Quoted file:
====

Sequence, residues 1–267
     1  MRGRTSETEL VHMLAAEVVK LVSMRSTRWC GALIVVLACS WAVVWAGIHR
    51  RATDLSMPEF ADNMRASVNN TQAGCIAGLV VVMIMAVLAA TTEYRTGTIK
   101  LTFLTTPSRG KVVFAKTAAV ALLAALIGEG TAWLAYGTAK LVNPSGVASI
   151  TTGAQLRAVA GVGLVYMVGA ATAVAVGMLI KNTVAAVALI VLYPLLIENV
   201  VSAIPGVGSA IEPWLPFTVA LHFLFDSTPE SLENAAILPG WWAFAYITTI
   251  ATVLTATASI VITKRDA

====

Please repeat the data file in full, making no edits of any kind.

Sequence, residues 1–267
     1  MRGRTSETEL VHMLAAEVVK LVSMRSTRWC GALIVVLACS WAVVWAGIHR
    51  RATDLSMPEF ADNMRASVNN TQAGCIAGLV VVMIMAVLAA TTEYRTGTIK
   101  LTFLTTPSRG KVVFAKTAAV ALLAALIGEG TAWLAYGTAK LVNPSGVASI
   151  TTGAQLRAVA GVGLVYMVGA ATAVAVGMLI KNTVAAVALI VLYPLLIENV
   201  VSAIPGVGSA IEPWLPFTVA LHFLFDSTPE SLENAAILPG WWAFAYITTI
   251  ATVLTATASI VITKRDA